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Wound Closure

Coated VICRYL® Plus Antibacterial (polyglactin 910) Suture


Coated VICRYL Plus Suture is indicated for use in general soft tissue approximation and/ or ligation, except for ophthalmic, cardiovascular and neurological tissues.

Coated VICRYL Plus Sutures provide multiple benefits

  • Predictable breaking strength retention (BSR) profile to provide support for 14 to 28 days while tissues heal
  • Shown in vitro to kill bacteria and inhibit bacterial colonization of the suture
  • Proprietary suture coating and polymer properties minimize drag force and elicit only a slight tissue reaction during absorption
Description & Specs

Coated VICRYL Plus Sutures offer benefits in a range of surgical applications, including

  • Predictable breaking strength retention (BSR) profile to provide support for 14 to 28 days while tissues heal
  • Provides protection against colonization of the suture by bacteria commonly associated with SSIs, including
    • Staphylococcus aureus
    • Staphylococcus epidermidis
    • Methicillin-resistant Staphylococcus aureus (MRSA)
    • Methicillin-resistant Staphylococcus epidermidis (MRSE)
  • Smooth tissue passage, exceptional handling, and knot security
    • Multifilament design provides greater pliability than monofilament sutures and unsurpassed knot security
    • Proprietary suture coating lowers tissue drag compared with standard braided sutures, and ensures easy knot sliding and knot positioning
    • Hydrolytic process elicits only a slight tissue reaction during absorption
Suture Construction Suture Color Available Sizes Suture BSR* Profile Absorption complete by:
Braided Violet / White (undyed) 5/0 through 2 2 weeks 75% 56-70 days
3 weeks 50%
4 weeks 25%

View the full portfolio of Coated VICRYL Plus Antibacterial Sutures on the Ethicon Product Catalog site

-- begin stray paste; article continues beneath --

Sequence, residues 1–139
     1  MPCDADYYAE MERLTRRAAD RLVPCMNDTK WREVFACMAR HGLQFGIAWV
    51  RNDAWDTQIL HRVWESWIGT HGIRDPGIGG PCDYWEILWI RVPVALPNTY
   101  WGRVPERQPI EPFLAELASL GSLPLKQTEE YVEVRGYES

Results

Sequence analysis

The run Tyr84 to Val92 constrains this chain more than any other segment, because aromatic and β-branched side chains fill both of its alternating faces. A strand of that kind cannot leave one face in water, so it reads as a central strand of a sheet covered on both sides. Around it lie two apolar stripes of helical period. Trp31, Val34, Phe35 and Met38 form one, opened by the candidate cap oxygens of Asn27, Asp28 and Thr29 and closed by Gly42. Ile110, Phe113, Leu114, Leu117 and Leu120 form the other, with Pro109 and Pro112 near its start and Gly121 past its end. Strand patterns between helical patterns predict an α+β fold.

• * BSR=breaking strength retention (tensile strength of suture in vivo)
Videos & Media

Simple Intrerrupted Closure Technique Video

Simple interrupted closure technique video.


Simple Intrerrupted Closure Technique Video

Simple interrupted closure technique video.

Traditional Suture Continuous Closure Technique Video

Traditional suture continuous closure technique video.


There are no related PDFs for this product.
Science & Technology


Until wound tissues regain sufficient strength, the suture must provide the support the tissue requires to maintain its integrity.

Wound tissue load graph

Coated VICRYL Plus Sutures have a predictable breaking strength retention (BSR) profile to provide support for 14 to 28 days while tissues heal.

Coated VICRYL days post implantation graph


Risks for Surgical Site Infections (SSIs)

SSIs are caused by many factors –
some are controllable, others are uncontrollable179,185

  • Endogenous bacteria179
  • Exogenous bacteria from:179
    • Surgical personnel
    • Surgical tools
    • OR environment
  • Bacterial colonization of the suture179,185
  • Patient Comorbidites179
    • Age
    • Diabetes
    • Smoking
    • Obesity
  • Prior contamination of the wound179

Wound closure provides an opportunity to address these controllable risks

Suture as a route of infection

Percutaneous sutures creates a conduit for bacteria172

  • Topical antiseptics can only address bacteria on the top few layers of the stratum corneum, not the bacteria hiding in the deeper layers of in the hair follicles172
    Before antiseptic application
    Immediately following antiseptic application
    MONOCRYL before after comparison
  • Until the epidermis heals (24-48 hours after surgery), bacteria can enter the wound from the patient’s skin or the environment117

Suture as a site for infection

Foreign materials, such as sutures, lower the number of bacteria required to cause an infection:179

  • Typical bacterial concentration required for SSI to develop: 105 CFU/g tissue179
  • Bacterial concentration required on implant for SSI to develop: 102 CFU/g tissue179

When implanted, sutures are rapidly coated with tissue protein, which creates sites for bacterial colonization:185,190,191

  • This colonization can lead to biofilm formation185
  • Biofilm formation increases the difficulty of treating an infection190

Evaluating antibacterial efficacy

PDS® Plus Antibacterial (polydioxanone) Suture inhibit bacterial colonization of the suture after direct challenge with bacteria

MRSA adheres to non-triclosan-treated suture (magnification 5,400X)
Only a few MRSA (arrows) adhere to triclosan-treated suture (magnification 5,260X)

As seen in the images below, bacteria (dark red) will grow in all areas of a petri dish except for the "zone of inhibition" on and around a Plus Antibacterial Suture.

"Before" – Prior to incubation
"After" – Zone of inhibition at 24 hrs
MONOCRYL before and after comparison

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